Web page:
The show, presented on three floors of the museum, offers up a feast of color, technique, materials, experimentation, and ideas. Appearing in dozens of different and unexpected manifestations, embroidery is presented here as a vital and relevant creative form no longer relegated to the confines of a wooden hoop propped upon a lady’s lap.
The strength of the show is the way it conveys how much embroidery can DO. Artists are applying embroidery, not only to make (or modify) needlepoint on fabric, but also to sketch, paint, tattoo, upholster, sculpt, write, adorn, and embellish. Captured on film, embroidering even takes on an aspect of performance. There are great examples of each chameleon turn here, many worthy of mention and more than I have space to address.
Of particular note is David Willburn’s “Let’s Try This Again Tomorrow,” a ghost-like rendering of two chairs stitched right into the gallery wall. Also particularly interesting is Nara Lubelki’s “Clumsy,” for which she traced in red stitches the large stain on a yellow tablecloth. Works by Maira Kalman, Tilleke Schwarz, and Andrea Dezsö are engaging as they break aesthetic and even socio-cultural rules of embroidering on fabric. There is also plenty of technical virtuosity on view to please the skill connoisseur.
Since embroidery is often rendered in beautiful colorful threads of glistening silk, the eye candy quotient is delightfully high. Stephen Beal evokes the sheer aesthetic joy of encountering a variegated rainbow display of embroidery floss in a fabric store, as well as his own synesthesia, in “Periodic Table of the Artist’s Colors.” And Angelo Filomeno’s large embroidery on silk shantung (shown top) is pure dazzle, especially in person.
As these works demonstrate, embroidery is inherently superficial. Yet while its effect is to create a surface, embroidery is always also through and beneath. Some artists explore that aspect, with Xiang Yang exposing long lengths of gossamer “guts” between two surfaces placed several feet apart, and many others leaving the ends of threads to dangle on the surface or exposing the back or “wrong” sides of the work.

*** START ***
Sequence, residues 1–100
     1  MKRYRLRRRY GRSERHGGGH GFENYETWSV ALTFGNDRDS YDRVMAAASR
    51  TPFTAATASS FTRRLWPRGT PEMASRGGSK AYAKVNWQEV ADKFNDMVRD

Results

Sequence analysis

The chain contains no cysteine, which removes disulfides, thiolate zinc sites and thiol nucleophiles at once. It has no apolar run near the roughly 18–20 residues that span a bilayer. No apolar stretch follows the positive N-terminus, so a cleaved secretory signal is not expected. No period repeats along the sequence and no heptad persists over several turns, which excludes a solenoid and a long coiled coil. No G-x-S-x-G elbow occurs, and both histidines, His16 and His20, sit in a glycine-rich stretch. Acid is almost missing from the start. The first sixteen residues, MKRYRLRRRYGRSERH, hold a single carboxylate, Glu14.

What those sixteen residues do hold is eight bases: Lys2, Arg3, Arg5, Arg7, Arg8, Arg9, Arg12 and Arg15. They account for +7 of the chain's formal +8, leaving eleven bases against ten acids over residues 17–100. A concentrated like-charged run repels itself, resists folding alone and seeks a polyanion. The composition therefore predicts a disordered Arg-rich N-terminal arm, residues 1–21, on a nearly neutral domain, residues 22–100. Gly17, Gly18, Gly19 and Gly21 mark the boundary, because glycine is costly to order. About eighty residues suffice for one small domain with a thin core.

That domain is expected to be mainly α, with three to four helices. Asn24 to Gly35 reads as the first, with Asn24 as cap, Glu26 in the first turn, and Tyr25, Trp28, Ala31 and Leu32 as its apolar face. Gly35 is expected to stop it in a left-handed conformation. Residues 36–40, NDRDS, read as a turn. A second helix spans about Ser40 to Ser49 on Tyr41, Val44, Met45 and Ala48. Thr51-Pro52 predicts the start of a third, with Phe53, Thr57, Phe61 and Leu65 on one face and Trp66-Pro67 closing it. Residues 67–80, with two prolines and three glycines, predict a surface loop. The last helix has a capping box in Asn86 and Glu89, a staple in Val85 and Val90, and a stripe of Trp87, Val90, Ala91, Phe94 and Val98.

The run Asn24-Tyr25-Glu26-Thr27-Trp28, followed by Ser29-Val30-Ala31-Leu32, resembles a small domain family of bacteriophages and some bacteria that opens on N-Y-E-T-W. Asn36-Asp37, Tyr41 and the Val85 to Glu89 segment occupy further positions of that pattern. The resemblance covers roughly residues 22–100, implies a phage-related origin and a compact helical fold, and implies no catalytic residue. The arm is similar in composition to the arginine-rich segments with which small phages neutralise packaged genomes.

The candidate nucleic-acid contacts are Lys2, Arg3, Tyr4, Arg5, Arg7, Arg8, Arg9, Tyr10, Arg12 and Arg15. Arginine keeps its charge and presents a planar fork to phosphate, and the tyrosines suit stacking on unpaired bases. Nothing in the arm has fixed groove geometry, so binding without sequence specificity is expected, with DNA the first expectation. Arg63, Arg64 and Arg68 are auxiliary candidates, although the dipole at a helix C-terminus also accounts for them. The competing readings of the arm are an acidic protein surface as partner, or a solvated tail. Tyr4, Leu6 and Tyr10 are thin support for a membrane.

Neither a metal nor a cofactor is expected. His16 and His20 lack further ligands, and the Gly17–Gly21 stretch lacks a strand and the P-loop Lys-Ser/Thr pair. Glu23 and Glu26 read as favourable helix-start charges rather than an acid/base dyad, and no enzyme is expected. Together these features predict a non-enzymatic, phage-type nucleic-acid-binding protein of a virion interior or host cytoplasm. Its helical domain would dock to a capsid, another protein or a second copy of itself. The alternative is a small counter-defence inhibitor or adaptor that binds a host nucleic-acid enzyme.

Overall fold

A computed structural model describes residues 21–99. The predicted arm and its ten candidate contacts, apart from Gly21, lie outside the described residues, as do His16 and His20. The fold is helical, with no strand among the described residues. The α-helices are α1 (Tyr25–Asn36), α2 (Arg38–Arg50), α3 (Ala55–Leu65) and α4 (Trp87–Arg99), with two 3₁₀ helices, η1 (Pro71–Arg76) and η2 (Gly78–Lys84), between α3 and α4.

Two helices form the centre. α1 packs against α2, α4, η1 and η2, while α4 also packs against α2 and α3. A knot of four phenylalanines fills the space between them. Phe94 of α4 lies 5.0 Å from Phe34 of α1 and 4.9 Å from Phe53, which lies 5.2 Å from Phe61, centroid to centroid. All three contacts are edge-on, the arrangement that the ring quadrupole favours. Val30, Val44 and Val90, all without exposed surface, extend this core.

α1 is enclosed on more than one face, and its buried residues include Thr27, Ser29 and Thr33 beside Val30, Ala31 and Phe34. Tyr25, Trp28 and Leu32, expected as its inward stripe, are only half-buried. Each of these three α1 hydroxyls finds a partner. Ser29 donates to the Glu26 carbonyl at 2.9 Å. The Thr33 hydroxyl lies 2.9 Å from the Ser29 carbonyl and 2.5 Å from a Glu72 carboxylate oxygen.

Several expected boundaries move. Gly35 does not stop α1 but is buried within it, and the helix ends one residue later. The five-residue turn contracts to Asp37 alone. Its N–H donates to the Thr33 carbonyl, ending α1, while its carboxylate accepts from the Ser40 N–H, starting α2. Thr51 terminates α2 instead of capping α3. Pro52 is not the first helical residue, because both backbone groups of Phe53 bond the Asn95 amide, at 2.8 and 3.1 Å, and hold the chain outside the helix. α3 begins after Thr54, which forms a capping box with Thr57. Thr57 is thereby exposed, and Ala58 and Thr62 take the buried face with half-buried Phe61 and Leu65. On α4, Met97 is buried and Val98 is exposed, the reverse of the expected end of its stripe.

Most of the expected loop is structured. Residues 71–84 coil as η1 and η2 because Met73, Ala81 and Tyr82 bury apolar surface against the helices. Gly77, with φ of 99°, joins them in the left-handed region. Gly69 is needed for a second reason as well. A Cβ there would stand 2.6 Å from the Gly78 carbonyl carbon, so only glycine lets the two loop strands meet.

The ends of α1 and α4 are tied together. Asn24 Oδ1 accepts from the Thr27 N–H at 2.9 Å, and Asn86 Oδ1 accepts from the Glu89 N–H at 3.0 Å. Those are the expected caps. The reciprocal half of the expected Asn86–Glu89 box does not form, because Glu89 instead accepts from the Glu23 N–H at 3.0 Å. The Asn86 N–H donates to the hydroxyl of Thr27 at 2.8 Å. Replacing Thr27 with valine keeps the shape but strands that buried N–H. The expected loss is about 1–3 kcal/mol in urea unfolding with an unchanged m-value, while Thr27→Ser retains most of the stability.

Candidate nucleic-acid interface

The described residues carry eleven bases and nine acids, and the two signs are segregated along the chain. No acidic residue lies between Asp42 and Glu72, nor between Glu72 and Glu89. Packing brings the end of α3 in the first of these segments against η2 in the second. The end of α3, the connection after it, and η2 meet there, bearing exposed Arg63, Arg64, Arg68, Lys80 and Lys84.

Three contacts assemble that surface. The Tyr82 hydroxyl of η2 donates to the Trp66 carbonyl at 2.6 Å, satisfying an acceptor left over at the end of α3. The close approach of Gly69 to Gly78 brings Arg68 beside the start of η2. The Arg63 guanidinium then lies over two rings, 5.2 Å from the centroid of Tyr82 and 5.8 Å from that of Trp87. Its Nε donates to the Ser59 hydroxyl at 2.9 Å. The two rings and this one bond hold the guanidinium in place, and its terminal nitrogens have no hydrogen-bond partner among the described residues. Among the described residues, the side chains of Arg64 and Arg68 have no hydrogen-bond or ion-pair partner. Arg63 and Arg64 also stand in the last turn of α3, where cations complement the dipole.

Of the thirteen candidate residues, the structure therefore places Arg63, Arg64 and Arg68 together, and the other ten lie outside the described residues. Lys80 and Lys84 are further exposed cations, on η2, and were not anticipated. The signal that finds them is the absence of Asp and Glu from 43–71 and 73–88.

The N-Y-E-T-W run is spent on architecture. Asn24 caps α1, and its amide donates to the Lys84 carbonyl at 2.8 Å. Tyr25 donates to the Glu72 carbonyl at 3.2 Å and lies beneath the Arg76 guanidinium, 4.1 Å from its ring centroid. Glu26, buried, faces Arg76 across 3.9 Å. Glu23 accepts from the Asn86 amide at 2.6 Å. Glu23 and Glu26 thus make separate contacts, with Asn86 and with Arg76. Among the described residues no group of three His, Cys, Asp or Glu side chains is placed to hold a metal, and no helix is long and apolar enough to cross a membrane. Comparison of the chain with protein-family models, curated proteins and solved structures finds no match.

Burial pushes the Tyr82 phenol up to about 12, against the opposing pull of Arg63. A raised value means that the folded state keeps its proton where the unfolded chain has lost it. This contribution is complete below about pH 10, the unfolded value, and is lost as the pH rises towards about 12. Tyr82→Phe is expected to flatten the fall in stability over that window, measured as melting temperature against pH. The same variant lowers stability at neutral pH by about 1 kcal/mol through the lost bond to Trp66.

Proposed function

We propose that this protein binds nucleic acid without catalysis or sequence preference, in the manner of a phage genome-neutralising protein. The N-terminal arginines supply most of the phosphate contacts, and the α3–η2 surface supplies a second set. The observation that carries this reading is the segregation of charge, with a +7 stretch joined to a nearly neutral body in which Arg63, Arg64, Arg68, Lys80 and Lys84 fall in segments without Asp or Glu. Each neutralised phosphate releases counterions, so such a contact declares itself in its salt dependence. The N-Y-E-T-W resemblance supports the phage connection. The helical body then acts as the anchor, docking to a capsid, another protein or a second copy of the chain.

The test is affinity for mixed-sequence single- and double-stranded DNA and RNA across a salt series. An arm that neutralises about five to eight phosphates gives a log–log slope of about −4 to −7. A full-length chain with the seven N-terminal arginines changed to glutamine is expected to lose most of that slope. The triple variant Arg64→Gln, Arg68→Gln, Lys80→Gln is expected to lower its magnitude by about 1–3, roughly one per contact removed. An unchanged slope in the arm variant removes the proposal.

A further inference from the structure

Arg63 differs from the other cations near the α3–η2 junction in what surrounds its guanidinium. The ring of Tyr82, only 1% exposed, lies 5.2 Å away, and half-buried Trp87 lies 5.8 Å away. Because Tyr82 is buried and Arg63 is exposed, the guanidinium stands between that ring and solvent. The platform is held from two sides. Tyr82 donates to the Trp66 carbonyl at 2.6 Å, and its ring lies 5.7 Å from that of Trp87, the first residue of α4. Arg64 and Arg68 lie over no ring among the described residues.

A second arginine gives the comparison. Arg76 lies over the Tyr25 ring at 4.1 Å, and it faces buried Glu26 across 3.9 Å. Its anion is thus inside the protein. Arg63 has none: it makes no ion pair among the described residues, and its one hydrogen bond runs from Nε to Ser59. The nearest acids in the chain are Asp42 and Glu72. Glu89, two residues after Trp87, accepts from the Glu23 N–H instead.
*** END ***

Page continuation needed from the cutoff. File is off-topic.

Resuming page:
While there is a lot of wonderful work to see, the exhibition doesn’t take the viewer very far beyond the works themselves, and I found this to be disappointing. Clever ideas and eye candy can only take a curious viewer so far, and then they are going to start craving more substance. For example, while the exhibition does acknowledge how many men are now embracing this craft form traditionally associated with women’s work—a nod to gender context—I would have liked to see more contextualizing (in terms of labor, art history, fashion, material culture…).
I also noticed that embroidery done by hand appears in the show side-by-side with machine embroidery, as does studio work with designs “shopped out” to workshops overseas. This presents an opportunity to engage issues of labor and authorship that would have made for a meaty essay.
Regardless of these shortcomings, I definitely recommend this exhibition. PRICKED is a logical and welcome follow-up to RADICAL LACE AND SUBVERSIVE KNITTING, (which I reviewed in this blog here.) As the press release aptly states, “Like Radical Lace, this new exhibition challenges the way the public views the contemporary evolution of an ancient art.” Both shows are doing a great service to craft by presenting it in a bold and refreshing way.
As a final note, be sure to also check out CHEERS! A MAD COLLECTION OF GOBLETS on view in the lower level of the museum (thru March 9). This show is like a fabulous dessert at the end of a good meal, offering a totally different texture and feel, short and sweet and exploding with flavor. The show includes a great piece by Matthew Eskuche (whose work we show at Greenjeans and recently featured in GARBAGE COLLECTION)—imagine limp, deflated clear glass goblets hung with clothespins on a line, dripping dry...
Posted by Amy Shaw. Image courtesy of the Museum of Arts & Design.
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